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Unformatted text preview: tion. SLHS Value File Utility (Negative)
NEGATIVE UTILITARIANISM REFLECTS THE BASIS OF MORAL URGENCY Karl Popper, Professor of Philosophy, THE OPEN SOCIETY AND ITS ENEMIES, 1952, p. 508. Although my own position is, I believe, clearly enough implied in the text, I may perhaps briefly formulate what seems to me the most important principles of humanitarian and equalitarian ethics. 1) Tolerance towards all who are not intolerant and who do not propogate intolerance. This implies, especially, that the moral decisions of others should be treated with respect, as long as such decisions do not conflict with the principle of tolerance. 2) The recognition that all moral urgency has its basis in the urgency of suffering or pain. I suggest, for this reason, to replace the utilitarian formula 'Aim at the greatest amount of happiness for the greatest number' or briefly 'Maximize happiness' with the formula 'The least amount of avoidable suffering for all,' or briefly, 'Minimize suffering.' Such a simple formula can, I believe, be made one of the fundamental principles (admittedly not the only one) of public policy. (The principle 'Maximize happiness,' in contrast, seems to be apt to produce a benevolent dictatorship.) 3. SUFFERING IS A DIRECT MORAL APPEAL, UNLIKE HAPPINESS Karl Popper, Professor of Philosophy, THE OPEN SOCIETY AND ITS ENEMIES, 1952, p. 570-1. I believe that there is, from the ethical point of view, no symmetry between suffering and happiness, or between pain and pleasure. Both the greatest happiness principle of the Utilitarians and Kant's principle, 'Promote other people's happiness ...,' seem to me (at least in their formulation) fundamentally wrong on this point, which is, however, not one for rational argument. In my opinion, human suffering makes a direct moral appeal, namely, the appeal for help, while there is no similar appeal to increase the happiness of a man who is doing well anyway. 4. SUFFERING IS OF MUCH MORE MORAL CONSEQUENCE THAN HAPPINESS Karl Popper, Professor of Philosophy, THE OPEN SOCIETY AND ITS ENEMIES, 1952, p. 508-9. We should realize that from the moral point of view suffering and happiness must not be treated as symmetrical; th...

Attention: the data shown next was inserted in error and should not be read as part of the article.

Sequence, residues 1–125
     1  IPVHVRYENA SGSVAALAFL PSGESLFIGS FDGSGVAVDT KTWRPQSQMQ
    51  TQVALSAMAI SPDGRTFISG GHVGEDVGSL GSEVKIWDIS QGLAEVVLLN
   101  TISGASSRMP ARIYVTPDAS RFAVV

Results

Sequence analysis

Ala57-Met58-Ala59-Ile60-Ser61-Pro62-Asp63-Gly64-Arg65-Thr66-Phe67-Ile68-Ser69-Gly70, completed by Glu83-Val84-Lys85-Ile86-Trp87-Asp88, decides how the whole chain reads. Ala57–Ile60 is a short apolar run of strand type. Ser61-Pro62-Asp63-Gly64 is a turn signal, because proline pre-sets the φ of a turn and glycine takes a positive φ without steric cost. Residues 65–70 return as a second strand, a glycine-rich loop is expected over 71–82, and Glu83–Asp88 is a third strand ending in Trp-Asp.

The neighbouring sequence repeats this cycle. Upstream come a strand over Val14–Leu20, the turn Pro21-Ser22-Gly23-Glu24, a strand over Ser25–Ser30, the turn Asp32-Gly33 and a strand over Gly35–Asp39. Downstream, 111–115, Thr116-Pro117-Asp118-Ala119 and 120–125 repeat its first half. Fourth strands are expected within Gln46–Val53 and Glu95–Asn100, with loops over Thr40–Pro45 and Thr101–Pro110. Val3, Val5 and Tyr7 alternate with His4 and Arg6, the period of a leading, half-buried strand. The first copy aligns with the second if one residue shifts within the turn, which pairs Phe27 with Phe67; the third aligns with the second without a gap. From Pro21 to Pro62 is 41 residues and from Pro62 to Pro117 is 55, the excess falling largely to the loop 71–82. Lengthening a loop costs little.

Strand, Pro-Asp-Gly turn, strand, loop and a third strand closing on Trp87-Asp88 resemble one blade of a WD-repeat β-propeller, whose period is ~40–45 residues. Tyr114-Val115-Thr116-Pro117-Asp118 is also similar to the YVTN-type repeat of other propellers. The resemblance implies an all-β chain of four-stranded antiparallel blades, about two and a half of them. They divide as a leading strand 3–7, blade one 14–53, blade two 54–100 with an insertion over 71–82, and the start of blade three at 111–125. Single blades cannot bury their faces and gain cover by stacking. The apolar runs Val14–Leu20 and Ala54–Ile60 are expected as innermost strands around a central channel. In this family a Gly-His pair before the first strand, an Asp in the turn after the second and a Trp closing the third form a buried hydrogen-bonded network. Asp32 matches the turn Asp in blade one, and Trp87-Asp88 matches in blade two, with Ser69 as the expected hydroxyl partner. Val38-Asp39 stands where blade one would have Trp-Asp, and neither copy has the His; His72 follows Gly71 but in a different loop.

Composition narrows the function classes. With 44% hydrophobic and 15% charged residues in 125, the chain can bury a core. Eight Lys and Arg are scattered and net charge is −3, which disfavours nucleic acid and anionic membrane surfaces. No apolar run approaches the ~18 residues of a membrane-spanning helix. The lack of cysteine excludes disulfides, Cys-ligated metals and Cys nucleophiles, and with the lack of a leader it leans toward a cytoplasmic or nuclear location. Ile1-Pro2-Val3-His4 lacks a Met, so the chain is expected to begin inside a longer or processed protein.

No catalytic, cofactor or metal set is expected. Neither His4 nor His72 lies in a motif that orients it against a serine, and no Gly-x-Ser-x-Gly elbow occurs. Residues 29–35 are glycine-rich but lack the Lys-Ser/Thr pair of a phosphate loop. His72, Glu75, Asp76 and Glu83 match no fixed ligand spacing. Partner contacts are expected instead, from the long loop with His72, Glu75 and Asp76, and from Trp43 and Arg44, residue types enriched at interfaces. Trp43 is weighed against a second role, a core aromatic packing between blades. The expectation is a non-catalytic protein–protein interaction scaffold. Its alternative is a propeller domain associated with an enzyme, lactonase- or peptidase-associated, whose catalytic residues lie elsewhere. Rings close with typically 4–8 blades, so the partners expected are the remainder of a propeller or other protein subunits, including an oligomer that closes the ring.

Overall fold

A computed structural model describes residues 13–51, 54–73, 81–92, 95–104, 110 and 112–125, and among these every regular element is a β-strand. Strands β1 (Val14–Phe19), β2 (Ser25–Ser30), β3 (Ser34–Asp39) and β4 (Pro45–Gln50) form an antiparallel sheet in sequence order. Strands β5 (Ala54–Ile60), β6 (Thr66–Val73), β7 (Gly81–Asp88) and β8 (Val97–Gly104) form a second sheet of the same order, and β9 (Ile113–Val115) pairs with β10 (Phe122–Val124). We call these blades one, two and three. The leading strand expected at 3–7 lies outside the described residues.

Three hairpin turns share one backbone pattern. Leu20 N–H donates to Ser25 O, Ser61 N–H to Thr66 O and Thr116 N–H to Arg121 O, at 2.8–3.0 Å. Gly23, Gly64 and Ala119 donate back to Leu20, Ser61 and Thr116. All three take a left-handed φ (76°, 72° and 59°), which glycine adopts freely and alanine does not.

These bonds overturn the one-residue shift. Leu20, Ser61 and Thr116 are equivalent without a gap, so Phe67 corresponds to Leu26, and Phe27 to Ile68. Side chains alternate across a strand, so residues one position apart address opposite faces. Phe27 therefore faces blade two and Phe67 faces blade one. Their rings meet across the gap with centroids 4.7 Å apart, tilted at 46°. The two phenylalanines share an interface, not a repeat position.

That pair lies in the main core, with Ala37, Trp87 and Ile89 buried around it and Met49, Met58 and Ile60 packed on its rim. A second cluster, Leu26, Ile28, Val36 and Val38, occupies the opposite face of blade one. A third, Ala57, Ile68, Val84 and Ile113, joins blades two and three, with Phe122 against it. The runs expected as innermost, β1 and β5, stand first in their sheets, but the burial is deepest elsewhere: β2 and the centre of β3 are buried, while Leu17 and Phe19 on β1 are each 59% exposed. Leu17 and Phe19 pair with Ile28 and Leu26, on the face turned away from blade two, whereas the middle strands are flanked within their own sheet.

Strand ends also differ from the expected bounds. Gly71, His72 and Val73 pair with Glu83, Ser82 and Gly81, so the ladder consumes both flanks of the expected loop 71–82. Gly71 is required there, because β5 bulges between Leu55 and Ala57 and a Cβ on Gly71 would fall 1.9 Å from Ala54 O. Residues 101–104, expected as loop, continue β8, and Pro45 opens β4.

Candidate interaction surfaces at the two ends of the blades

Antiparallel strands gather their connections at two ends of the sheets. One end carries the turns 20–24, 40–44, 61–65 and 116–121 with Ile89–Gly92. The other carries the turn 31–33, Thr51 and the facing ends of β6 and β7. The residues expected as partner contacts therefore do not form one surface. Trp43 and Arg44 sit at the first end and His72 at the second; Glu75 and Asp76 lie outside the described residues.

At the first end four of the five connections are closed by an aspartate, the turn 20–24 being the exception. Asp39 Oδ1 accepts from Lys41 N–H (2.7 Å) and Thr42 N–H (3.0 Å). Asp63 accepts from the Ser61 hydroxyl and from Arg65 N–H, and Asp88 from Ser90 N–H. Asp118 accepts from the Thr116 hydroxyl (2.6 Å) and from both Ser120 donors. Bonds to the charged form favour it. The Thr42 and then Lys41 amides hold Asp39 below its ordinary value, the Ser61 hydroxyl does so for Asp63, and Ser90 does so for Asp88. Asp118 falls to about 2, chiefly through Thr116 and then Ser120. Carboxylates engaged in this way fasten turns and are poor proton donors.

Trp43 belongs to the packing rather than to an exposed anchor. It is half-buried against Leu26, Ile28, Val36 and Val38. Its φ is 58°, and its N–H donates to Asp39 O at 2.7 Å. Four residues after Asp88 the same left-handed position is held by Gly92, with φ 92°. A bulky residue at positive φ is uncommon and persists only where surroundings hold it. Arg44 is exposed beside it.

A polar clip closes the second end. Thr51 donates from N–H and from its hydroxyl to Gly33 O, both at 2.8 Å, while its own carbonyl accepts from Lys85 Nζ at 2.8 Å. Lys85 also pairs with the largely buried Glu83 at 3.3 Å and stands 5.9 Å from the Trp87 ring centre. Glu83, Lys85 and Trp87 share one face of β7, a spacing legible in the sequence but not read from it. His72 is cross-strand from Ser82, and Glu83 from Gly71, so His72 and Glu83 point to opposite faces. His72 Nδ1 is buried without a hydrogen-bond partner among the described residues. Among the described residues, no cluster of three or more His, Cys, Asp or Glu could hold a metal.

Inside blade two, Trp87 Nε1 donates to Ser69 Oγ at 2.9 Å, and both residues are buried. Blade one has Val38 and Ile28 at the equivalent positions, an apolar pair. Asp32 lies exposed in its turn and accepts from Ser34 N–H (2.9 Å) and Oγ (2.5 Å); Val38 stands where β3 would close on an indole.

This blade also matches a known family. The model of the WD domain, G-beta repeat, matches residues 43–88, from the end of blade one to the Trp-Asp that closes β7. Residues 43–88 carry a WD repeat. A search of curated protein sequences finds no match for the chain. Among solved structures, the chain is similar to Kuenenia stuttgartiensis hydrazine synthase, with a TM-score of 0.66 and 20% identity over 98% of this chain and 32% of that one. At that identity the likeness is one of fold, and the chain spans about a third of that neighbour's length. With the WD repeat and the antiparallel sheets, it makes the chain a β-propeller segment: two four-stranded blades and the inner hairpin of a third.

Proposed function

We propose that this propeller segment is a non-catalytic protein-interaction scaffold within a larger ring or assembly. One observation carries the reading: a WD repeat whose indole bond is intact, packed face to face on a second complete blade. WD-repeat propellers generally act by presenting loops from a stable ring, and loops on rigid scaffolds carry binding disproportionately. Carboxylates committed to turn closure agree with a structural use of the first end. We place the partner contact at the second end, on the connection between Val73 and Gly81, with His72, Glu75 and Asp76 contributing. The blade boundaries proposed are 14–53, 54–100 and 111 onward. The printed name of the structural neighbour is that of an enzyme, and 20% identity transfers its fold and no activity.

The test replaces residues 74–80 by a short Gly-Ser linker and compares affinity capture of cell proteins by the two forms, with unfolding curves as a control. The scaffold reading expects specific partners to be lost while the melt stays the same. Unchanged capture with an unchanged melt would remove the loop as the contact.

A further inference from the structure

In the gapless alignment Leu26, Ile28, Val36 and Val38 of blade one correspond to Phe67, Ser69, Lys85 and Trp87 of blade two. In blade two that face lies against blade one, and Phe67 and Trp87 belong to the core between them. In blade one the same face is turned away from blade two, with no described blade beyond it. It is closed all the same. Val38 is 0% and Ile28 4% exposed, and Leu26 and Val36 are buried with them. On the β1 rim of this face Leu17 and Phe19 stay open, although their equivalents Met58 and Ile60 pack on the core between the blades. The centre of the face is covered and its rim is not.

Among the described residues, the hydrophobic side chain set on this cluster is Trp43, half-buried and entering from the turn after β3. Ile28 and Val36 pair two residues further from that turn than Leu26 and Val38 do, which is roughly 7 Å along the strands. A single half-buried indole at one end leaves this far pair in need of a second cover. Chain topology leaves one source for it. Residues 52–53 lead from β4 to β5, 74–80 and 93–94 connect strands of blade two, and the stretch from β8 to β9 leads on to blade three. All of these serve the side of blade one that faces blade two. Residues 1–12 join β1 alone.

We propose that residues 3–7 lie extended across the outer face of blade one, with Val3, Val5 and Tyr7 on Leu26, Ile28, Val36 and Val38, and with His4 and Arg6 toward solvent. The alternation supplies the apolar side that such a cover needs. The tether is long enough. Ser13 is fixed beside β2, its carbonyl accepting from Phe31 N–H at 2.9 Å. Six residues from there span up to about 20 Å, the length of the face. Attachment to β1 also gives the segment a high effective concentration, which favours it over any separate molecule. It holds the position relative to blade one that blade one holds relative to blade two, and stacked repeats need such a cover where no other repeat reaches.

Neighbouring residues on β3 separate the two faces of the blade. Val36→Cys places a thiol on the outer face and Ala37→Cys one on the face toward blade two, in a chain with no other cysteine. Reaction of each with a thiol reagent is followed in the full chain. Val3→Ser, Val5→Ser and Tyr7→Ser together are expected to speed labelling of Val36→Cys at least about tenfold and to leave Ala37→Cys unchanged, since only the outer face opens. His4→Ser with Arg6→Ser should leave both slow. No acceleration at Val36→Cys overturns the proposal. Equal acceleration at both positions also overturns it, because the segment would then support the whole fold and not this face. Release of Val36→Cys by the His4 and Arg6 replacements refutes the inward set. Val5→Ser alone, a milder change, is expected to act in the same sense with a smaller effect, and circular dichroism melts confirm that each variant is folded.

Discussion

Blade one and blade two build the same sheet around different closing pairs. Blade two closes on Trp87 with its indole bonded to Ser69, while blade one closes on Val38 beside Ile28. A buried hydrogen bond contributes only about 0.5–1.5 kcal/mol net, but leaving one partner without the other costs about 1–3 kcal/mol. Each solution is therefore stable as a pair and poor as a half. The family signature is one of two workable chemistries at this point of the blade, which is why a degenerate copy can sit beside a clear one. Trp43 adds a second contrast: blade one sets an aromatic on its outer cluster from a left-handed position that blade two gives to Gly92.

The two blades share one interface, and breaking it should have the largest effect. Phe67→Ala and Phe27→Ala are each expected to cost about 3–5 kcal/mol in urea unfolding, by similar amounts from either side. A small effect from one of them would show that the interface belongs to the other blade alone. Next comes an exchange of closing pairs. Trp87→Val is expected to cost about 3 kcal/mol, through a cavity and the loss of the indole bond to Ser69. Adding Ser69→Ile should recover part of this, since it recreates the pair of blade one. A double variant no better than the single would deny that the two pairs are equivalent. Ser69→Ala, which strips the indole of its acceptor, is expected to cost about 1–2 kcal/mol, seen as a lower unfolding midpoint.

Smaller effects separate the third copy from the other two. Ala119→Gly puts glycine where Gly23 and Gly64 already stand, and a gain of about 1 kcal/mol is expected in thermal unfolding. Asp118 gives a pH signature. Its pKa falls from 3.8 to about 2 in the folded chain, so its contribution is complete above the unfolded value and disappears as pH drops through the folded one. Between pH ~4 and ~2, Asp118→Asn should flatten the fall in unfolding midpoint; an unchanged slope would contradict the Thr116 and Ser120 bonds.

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This document was uploaded on 11/20/2013.
- Fall '13